Wednesday, May 22, 2019
Check it out—a screen cap of Melissa Hollerith’s Twitter account, in which she claims to be sharing “love, forgiveness and grace.”
To that, I say bullshit.
How can she make this claim when she just signed off on the notion that perjury is okay for Episcopal clergy as long as they’re not convicted? When she and other officials repeatedly ignore church canon law in order to avoid dealing with abusive clergy? When it’s okay for clergy to try and drag the dying into court, to threaten people, to bully other Christians and more?
Jesus would have no use for Melissa and the other modern-day Scribes and Pharisees of the Episcopal Church, where criminal conduct is okay.
Just don’t get convicted.
PS Amusingly enough, Melissa teaches ethics at St. Albans school. If that’s where our future is leading, the Episcopal Church is already as good as gone.
Friday, May 17, 2019
It’s amazing, really. At a time when the rate at which The Episcopal Church is shedding members is surpassed only by the losses of the Presbyterian Church USA (and even that is questionable), the Episcopal Diocese of Virginia is going pedal-to-the-metal in its efforts to drive away members. How does it do that? Chiefly through its incredible blind arrogance and belief that somehow people cannot exist without the church. In short, that it is, in the words of Saturday Night Live, “specccial.”
For example, in a letter to me and the other two complainants in one of the Title IV cases, intake officer Caroline Parkinson, after accusing us of “distracting, disingenous, and duplicitous” conduct, prattled on about how there would be no point to a Title IV case, as our alleged conduct would interfere with the Title IV goals of healing and reconciliation. That, of course, does four things:
- Conveniently overlooks Bob Malm’s misconduct.
- Assigns blame for the problem in the victims of Bob’s misconduct.
- Demonstrates an utter lack of understanding of the dynamics of abuse, which is that victims often behave in ways that are not rational or helpful, up to and including things like alcoholism and suicide.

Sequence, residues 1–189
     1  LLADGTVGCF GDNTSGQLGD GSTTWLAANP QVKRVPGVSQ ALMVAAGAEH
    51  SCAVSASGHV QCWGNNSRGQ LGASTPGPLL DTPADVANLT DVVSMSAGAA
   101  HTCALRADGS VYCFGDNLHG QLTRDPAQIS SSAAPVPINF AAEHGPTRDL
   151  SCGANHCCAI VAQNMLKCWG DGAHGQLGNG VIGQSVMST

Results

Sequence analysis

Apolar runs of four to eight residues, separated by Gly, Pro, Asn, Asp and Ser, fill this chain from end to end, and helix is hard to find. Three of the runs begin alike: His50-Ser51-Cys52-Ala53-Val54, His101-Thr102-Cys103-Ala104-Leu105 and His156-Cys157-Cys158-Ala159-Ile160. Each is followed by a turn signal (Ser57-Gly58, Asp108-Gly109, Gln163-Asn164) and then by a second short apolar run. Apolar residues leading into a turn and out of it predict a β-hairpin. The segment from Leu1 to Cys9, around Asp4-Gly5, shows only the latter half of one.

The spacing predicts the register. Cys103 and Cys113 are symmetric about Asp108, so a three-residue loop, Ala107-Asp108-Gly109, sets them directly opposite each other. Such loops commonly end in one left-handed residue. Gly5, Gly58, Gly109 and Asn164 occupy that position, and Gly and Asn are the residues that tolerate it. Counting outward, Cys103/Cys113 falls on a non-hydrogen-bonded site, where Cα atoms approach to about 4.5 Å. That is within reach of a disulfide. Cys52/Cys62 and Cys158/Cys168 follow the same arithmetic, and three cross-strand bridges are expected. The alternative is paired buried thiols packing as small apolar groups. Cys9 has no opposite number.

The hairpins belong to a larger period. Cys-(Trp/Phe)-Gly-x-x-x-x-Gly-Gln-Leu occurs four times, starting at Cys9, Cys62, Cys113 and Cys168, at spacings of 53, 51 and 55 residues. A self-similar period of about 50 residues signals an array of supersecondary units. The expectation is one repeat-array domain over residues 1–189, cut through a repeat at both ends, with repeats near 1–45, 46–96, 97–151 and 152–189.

- Ignores the fact that Title IV applies only to clergy. As in, clergy are always responsible for maintaining boundaries, full stop. And, as illustrated by the +Bruno case, in which allegations swirled about the conduct of parishioners, clergy are supposed to be accountable for their conduct, regardless.
Caroline also violated confidentiality by disclosing a third complaint, and by lumping all three complaints together.
The real cherry on top, though, came when she reverted to Jesus-babble in her letter, urging us to have the “grace to find a new church.”
Why on God’s green earth would anyone want anything to do with the church after this, including the diocese’s decision that retaliation for filing a Title IV complaint is acceptable?
Then we get to Caroline’s lie, which is that the diocese had already considered the matter of Bob’s decision to remove our names from the church directory the previous summer. Leaving aside the fact that there was no advisor, or communication from the reference panel, which means there likely was no reference panel that summer, the issue of the directory didn’t arise until that fall. All I can say is that I was not aware that the ability to time travel was one of the benefits of ordination. How special.
Similarly, Canon Mary Thorpe, whose husband serves as Executive Director of the Virginia Institute of Pastoral Care, should surely have a handle both on Title IV and the pastoral implications of violating the promises Title IV sets forth to laity. Yet she apparently has said nothing about:
- The outrageous and appalling conclusion set forth in the most recent Title IV notice of dismissal that perjury by members of the clergy is acceptable as long as there is no criminal violation.
- The fact that the diocese has repeatedly ignored the requirement of a pastoral response in all Title IV cases, including those involving dismissal. (Indeed, mapping out a pastoral response should be one of the first things to happen when a complaint is filed. But I guarantee you that the diocese has done nothing in this regard. Indeed, a pastoral response should be implemented from the moment a complaint is filed.)
- The fact that the diocese itself has repeatedly breached confidentiality in this matter, including through its violation of the Title IV whistleblower provisions.